The latest Monterey Depot Historical Society Christimas ornament is now avaliblefor
a $20 donation. The scene is taken from an early postcard of hte Monterey Depot. They are availabe at the Cup &
Saucer and BenAnns. Last years ornament was a quick sell-out.
the railroad to the mountian? It was the natural resources such as timber and especially coal. The Town of Monterey (which
means "King of the Mountinas") was founded by the Cumberland Mountain Coal Company in 1893. The community was known
as Standing Stone before that.
Spring on the Mountain will
be on Saturday, May 3, in downtown Monterey. There will be several craft and food vendors in the downtown area mostly
around the Monteerey Depot Museum. Just across the railroad tracks, this year, will be a car show at the Farmer's
Market. Also, at the Farmers Market, the Monterey Garden Club will host their annual and very popular plant sale from
early morning until they run out.
An excursion train
will arrive from Nashville sometime near noon. If you want to ride from Nashville, contact the Tennessee Central Railway Museum
online at http://www.tcry.org/ If its a short ride you want, the Monterey Depot Historical Society is selling tickets for $10 each to ride from the museum
out to the sand plant and back. Entertainment is being planned for the event.
After a hard, cold winter, y'all come on up to the mountain and help us kick off the spring season.
For craft and food vendors,
click on the appropriate link for an application for and more details.
asphalt were two of the biggest ingredients on the Monterey Central Transportation Museum list last week. Painting inside
walls and ceiling were also done last week. Depending on weather, pavers for the Rails with Trails will be in place on the
Depot property, starting this week. Thanks to Monterey Fire Chief Kevin Peters for allowing me on the ladder truck for this
arial photo. Photo: Dale Welch/Hilltop Express
Monterey founders Union General John T. Wilder and wife, Dora Lee,
along with Major Robert Moscrip and wife, Emma will return to Monterey on Friday, Oct 10, just about a month away to talk
about the old days. You’re invited out to the Garden Inn (with ticket in hand) for dinner and to hear their tales. Dining with the Moscrips and The Wilders is a special dinner theatre helping kick off the big celebration planned
for Standing Stone Day, Sat. Oct. 11. The Moscrips will be played by Monterey natives Opless and Kay Walker. The Wilders will
be played by John and Judy Wassum, of Rockwood, who live in one of General Wilders home. Gen. Wilder also had a home in Monterey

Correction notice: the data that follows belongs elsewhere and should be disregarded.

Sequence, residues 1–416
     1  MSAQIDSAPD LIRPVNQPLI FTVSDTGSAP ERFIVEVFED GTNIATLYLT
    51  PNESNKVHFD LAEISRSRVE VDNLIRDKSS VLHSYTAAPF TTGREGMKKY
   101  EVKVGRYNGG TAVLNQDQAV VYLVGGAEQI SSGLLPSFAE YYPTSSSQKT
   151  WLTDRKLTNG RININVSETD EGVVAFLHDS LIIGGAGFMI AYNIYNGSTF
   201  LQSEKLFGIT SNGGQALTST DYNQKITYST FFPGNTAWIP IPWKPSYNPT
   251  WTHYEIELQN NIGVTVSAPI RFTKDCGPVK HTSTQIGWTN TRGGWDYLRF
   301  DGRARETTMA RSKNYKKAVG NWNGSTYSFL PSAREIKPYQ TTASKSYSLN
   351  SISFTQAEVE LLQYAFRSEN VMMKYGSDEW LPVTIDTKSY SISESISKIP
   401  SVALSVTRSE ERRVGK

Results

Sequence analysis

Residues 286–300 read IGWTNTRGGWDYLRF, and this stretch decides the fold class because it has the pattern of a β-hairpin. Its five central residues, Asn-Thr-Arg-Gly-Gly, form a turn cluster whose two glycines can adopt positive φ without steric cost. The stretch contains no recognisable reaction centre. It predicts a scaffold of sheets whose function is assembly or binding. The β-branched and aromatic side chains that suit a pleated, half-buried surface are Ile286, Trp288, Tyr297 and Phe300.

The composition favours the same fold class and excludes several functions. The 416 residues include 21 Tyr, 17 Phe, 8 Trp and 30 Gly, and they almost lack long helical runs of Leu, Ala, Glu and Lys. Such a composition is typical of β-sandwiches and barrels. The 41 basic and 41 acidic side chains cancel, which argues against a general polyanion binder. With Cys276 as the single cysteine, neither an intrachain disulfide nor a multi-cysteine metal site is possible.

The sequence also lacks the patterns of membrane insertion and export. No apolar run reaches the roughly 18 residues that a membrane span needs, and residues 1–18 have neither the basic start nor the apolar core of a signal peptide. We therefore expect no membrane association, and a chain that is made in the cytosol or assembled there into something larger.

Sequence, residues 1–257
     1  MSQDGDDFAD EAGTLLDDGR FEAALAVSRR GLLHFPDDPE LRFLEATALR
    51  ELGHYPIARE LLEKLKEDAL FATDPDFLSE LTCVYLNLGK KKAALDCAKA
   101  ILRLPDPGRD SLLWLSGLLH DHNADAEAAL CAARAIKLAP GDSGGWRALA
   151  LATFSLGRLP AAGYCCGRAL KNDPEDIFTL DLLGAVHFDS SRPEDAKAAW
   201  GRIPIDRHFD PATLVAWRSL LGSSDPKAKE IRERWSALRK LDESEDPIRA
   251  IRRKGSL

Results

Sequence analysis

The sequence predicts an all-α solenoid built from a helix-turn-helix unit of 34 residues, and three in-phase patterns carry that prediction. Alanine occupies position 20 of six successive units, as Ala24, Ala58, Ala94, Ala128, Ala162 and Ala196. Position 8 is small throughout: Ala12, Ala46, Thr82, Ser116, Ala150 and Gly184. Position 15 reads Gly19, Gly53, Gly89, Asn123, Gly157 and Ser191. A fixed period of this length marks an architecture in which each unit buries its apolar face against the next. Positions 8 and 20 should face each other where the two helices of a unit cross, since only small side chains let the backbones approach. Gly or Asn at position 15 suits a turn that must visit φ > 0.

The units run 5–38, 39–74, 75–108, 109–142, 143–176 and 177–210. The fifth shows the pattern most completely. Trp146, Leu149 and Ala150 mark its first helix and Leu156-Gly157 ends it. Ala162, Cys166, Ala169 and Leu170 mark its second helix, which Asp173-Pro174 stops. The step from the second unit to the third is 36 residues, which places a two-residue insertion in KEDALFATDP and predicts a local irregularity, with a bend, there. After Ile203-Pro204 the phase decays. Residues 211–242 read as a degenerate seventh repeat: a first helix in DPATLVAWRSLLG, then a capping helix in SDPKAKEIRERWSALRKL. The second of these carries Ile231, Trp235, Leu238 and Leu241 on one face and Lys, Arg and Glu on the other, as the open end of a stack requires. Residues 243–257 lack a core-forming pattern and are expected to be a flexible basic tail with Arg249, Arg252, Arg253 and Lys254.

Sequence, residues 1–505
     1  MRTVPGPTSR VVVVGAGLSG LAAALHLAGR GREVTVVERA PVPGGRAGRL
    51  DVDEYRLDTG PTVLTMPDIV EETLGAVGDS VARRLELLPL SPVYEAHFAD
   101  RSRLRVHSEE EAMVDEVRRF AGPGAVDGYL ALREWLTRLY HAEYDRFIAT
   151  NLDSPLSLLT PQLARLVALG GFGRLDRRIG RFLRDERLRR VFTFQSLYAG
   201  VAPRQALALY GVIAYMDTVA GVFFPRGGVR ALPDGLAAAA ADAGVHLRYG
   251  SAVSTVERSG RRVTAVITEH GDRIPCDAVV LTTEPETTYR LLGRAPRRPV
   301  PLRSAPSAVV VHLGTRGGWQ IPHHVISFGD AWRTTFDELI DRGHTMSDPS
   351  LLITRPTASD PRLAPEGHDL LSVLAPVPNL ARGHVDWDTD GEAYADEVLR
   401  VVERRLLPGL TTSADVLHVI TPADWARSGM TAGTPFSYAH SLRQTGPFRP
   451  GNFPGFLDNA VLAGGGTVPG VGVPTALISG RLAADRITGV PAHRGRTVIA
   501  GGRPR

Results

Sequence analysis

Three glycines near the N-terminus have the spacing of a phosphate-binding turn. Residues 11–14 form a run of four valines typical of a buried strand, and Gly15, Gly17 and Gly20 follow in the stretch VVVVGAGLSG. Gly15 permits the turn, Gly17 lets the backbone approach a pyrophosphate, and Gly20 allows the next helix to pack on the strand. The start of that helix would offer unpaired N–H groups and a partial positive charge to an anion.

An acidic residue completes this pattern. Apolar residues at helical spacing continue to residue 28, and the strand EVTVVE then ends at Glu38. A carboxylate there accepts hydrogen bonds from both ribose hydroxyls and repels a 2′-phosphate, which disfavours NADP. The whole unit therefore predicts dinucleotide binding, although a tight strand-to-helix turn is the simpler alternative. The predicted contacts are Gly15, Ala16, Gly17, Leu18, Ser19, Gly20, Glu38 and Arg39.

that still stands. Ruth Ann Woolbright and husband, Bill Longmire, live there. Woolbright will be directing the play.
The play will relive defining moments of their lives, which resulted in a railroad, a town on the plateau, coal mines and
a lumber industry that would touch the lives of thousands of people across America. Moscrip was involved in one
of the most historical events in the history of railroading in America, as one of the civil engineers responsible for the
completion of the Transcontinental Railroad. Moscrip had friendships with the likes of Buffalo Bill and Wild Bill Hickok.
Moscrip will reveal in the play how he became a captive of the Cheyenne Indians and how he escaped with the help of his Pawnee
Indian Scout. Besides all these adventures, he was the winner of a contest that gave Monterey its name in 1893. John
T. Wilder, known as the "Friendly Carpetbagger" was the leader of the Lightning Brigade of Indiana and hero of the
Battle of Chickamauga in Sept. 1863 where he and his men armed with 7-shot Spencers gave Thomas time to form a defense
line. He was one of the 20,000 Union veterans who immigrated to the South by 1866, attracted by the possibilities
of places that they had seen during their military campaigns. For a time, he was Mayor of Chattanooga and later, had federal
appointments. In September, 1865, he and his friend, Capt. Hiram S. Chamberlain of Knox County, purchased 728 acres
of land in Roane County along the Tennessee River and founded the town of Rockwood with its Roane Iron Company, one of the
first post-war industrial establishments in the South. Wilder would continue to hold interests in mining and cement and banking
around Knoxville, Tennessee, and built the 300-room Cloudland Hotel on Roane Mt. summit in 1885 as a retreat for hay fever
sufferers. An industrialist, he had numerous business interests in coal, timber, iron, railroads and more. He
built a hotel in Monterey, called the Imperial Hotel in the early 1900s and also a residence. The mining town of Wilder was
founded by him. Tickets will be on sale soon for the dinner theatre at a cost of $35 for one person , $60 per
couple and $150 per table of six, that includes a dinner of a grilled pork chop, sweet potato casserole , corn souffle, dessert,
and coffee or tea. For more information, contact Ruth Ann Woolbright at, 839-2467.